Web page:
I love reading and listening to people talk about miracles. Over the years I have heard of many. I just finished reading Sarah Bessey’s book Miracles and other Reasonable Things, and it inspired me to tell a miracle story of my own. It’s not as dramatic as Sarah’s healing, but I think people can relate to it and maybe see God’s hand in something that has happened to them.

About seventeen years ago, my husband and I were driving south from Carlisle in northern England to London after visiting friends. While at a rest stop, my wallet was stolen from my unzipped purse. It held one credit card, and both dollars and pounds. I didn’t discover this until we had driven for an hour. We had to return to the rest stop and make a police report and call to cancel my credit card.

For next four hours I prayed that my wallet would be found. When we arrived at the inn, I told my husband we needed to check the car again because I felt my wallet wasn’t lost. We did and found nothing. While carrying our bags into the inn, the proprietor asked if we were the Skinners. When we said yes she told me I had a phone call. “I have a phone call?” I asked in a stupor. It was Francis our friend in Carlisle who had received an email from my daughter. I stunned to say the least. This gets even more curious so stay with me.

I was to call the police station in Shropshire, England because they had my wallet. My daughter just happened to be at our house to feed the cat when a woman with an English accent called and told her she had found the wallet along the road while out walking and that I should call the Shropshire police. Jill immediately emailed Francis. It was amazing Francis read the email because for her checking email was a nighttime activity. She told me she had felt pushed to check it.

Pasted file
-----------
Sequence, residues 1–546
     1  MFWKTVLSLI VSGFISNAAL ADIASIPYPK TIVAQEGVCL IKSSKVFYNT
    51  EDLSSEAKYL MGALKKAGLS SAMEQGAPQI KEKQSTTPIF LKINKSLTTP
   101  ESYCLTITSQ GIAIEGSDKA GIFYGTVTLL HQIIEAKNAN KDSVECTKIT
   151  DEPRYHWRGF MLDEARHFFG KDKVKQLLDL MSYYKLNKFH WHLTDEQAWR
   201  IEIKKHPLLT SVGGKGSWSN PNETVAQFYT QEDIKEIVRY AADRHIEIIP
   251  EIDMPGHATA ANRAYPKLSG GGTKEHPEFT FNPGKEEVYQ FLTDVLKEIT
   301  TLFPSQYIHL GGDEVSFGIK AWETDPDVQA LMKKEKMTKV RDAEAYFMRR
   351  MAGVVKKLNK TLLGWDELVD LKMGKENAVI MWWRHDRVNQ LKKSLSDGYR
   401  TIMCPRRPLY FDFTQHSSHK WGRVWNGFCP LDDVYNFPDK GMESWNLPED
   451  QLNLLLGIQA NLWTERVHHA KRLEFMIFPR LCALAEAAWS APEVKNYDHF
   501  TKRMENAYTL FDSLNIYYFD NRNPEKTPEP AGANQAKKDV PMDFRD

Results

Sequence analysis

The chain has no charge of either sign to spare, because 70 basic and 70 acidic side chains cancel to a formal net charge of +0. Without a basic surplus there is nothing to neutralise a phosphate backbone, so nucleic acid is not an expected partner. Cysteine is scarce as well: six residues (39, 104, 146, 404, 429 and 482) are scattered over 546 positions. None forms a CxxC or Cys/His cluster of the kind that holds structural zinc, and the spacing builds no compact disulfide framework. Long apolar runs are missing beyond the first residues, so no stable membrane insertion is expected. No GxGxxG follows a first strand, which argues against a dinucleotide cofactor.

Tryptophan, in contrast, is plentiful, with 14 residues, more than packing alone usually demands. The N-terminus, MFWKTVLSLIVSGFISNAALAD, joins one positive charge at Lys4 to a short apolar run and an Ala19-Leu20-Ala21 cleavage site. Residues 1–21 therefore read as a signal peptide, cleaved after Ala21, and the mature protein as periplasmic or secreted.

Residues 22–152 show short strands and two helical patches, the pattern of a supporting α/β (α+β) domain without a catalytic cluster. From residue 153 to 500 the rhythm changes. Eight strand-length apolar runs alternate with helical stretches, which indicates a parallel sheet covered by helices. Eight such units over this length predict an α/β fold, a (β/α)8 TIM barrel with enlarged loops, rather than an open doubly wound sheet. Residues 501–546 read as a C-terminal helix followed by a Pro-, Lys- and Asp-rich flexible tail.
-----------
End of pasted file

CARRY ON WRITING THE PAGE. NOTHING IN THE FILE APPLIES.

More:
I called the police and was shocked to hear my credit card and money were still in the wallet. Nothing had been taken! The police would not give me the woman’s phone number, but Jill had written it down and I tried calling when we returned home. The number didn’t exist.

This would be in the category of ordinary miracle, but for me there is no such thing. Think of all the people involved in getting my wallet returned. It took a supreme being to orchestrate the timing of each person’s actions. I call it divine timing and the work of an angel. Prayer does work, and I would love for you to share your stories.

The Joy of a Blossom!

My gardenia plant has three beautiful blossoms!

Gardeners know the joy of seeing a plant bloom. Plants are similar to children in that some are more challenging than others. For me, the gardenia plant has been challenging. I have had many over the years and the longest I was able to keep one was five years. I’m hoping I’ve learned from my mistakes.

The plant that lived the longest never went outside. I made the mistake of taking the others outside in the summer. When I brought them inside for the winter, they always had insects. As I tried to kill the insects, I killed the plant. This beautiful plant did not spend the summer outside, and it sits all day in a sunny window. I also have done a better job of fertilizing it than I have in the past. If you don’t know the aroma of a gardenia, I can’t explain it because it has its own distinct scent. It smells heavenly!

Scents elicit memories and for my father-in-law it was the Philippines where he was stationed during WWII. He said gardenias grew everywhere and the air was filled with their scent. I remember I wore a gardenia corsage to my senior prom. I remember that, but I don’t remember my dress. I pressed the corsage and kept it for years.

Gardenias are evergreens, but not in Ohio. They need moisture, at least six to eight hours of light each day, and acidic fertilizer. They also like hearing how good they smell and how pretty they look. The extra pampering this plant gets is worth it.